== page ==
Harry Moser has a big goal: to bring back 5 million manufacturing jobs to the United States by replacing imported goods with domestic production.
A tireless supporter of US manufacturing, Harry was inducted into the Industry Week Manufacturing Hall of Fame in 2010, participated in President Obama’s 2012 Insourcing Forum at the White House, and received the Made in America 2019 Reshoring Award.
He’s been quoted or featured in Forbes and the Wall Street Journal and has been seen or heard on national TV news and radio shows. He’s a frequent guest for MEP and other business group webinars.
In short, say the word “reshoring,” and Harry’s name will quickly enter the conversation. In this interview, he shares why he started the Reshoring Initiative and what the United States needs to do to better support manufacturing and job creation.
Why did you start the Reshoring Initiative?
HM: Because it was clear US manufacturing was declining and something needed to be done. My grandfather and father both worked at the Singer Sewing Machine plant in Elizabeth, New Jersey. In the early 1990s, it was the largest factory in the world with 2.5M square feet of production and 5,000 workers.
The entire manufacturing operation disappeared years ago – now I can’t find any Singer products made in the USA.
I saw this decline in my own work. I sold machine tools and foundry equipment and watched companies disappear. After 25 years at the helm of GF AgieCharmilles, now GF Machining Solutions, I retired and started the Reshoring Initiative.
We have two goals: To bring manufacturing back as much as possible and to improve US competitiveness by advocating for needed policy changes and strengthening the US skilled workforce.
What are some of the policy changes that need to be made?
HM: We need a well-thought-out industrialization policy. Right now, we’re operating under a de-industrialization policy. The dollar is too high, we lack skilled training in our education system, and we have high corporate taxes and no VAT.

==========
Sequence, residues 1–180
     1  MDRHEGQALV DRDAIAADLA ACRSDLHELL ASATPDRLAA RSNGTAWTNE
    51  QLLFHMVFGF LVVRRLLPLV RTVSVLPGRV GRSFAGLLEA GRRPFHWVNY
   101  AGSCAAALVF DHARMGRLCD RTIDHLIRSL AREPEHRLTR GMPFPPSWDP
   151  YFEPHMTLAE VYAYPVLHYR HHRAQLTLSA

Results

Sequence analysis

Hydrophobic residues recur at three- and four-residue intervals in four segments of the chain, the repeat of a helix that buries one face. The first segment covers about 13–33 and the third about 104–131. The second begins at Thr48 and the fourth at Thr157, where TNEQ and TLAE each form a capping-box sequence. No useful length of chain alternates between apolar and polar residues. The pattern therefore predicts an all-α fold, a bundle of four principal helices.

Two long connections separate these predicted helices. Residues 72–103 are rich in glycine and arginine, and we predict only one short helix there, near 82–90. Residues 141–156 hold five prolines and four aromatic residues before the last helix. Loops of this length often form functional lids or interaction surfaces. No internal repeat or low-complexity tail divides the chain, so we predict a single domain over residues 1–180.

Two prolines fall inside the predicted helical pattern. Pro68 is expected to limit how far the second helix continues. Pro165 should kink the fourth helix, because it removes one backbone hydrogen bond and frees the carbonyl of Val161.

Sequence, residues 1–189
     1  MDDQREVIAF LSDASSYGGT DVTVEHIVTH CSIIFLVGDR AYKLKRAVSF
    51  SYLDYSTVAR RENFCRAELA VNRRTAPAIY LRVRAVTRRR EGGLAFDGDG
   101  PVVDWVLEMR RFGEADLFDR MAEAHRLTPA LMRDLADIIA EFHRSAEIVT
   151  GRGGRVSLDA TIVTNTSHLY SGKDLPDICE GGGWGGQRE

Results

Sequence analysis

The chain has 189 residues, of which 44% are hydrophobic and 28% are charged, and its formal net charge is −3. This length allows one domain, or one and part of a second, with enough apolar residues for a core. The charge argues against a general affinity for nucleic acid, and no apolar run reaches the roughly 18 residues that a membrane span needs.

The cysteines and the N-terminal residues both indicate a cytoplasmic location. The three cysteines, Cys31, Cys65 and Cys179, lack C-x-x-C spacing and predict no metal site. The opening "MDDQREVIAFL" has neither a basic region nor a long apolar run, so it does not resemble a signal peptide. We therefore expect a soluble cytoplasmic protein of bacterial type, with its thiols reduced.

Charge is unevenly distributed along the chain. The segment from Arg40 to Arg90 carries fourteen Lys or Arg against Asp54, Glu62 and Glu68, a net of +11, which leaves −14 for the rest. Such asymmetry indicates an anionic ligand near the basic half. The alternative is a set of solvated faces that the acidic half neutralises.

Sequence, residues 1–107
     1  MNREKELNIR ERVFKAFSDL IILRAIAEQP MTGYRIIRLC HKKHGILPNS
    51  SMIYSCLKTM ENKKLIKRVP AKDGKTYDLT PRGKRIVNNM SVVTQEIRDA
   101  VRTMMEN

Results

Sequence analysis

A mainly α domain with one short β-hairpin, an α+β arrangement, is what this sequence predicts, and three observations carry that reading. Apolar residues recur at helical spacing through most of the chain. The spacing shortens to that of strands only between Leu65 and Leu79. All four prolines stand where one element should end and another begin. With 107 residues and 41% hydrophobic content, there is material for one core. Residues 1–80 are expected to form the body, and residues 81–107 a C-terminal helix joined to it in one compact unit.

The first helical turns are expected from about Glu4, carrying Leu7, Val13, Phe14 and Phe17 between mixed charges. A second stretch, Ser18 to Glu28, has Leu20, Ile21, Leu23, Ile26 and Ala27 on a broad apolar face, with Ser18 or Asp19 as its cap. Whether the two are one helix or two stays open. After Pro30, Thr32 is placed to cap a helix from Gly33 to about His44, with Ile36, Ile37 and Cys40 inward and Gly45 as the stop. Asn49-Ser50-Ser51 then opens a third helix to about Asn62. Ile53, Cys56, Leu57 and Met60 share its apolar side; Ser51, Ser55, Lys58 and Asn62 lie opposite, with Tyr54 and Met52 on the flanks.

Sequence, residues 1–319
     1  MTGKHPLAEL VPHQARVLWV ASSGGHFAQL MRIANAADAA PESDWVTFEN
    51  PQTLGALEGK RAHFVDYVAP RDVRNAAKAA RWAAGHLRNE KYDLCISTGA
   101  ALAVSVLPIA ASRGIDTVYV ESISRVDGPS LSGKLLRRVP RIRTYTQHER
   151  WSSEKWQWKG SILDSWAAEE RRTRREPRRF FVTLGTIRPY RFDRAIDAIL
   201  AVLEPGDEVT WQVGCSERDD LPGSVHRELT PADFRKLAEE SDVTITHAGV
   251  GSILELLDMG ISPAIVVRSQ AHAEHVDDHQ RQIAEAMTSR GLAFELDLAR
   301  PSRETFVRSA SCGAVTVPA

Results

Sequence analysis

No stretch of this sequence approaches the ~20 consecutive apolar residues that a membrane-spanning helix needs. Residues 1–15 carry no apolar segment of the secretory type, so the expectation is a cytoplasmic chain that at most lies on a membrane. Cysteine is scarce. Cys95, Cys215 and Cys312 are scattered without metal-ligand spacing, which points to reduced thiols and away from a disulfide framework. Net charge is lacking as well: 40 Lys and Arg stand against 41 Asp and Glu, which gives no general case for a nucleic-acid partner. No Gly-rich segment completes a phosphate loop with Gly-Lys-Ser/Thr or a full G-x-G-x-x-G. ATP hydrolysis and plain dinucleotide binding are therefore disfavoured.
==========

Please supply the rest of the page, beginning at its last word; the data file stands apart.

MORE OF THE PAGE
We’ve destroyed US manufacturing with low duties on goods from emerging countries such as China, but when US manufacturers export their goods to other countries, these goods are subjected to high duties or a Value Added Tax (VAT). The VAT protects other countries’ manufacturing. We need to do the same.
A high dollar acts as a massive tax on US exports and as a subsidy on US imports. Thus, imported products sell at artificial discounts.
How do US labor costs compare to labor costs in China?
HM: Chinese unit labor costs, expressed in US dollars, have increased 400% since 2000. US labor costs have gone up very little. The best thing we can do for the US and for our communities is bringing jobs back.
One positive trend – 181 CEOs of the Business Roundtable signed a statement that their obligations were no longer solely to shareholders but also communities, employees, and suppliers. Companies are giving large grants to groups within communities. While this is good, companies have to walk the talk and bring production back so the communities can offer jobs.
Since you started the Reshoring Initiative, how many jobs have returned, and what has been COVID’s impact?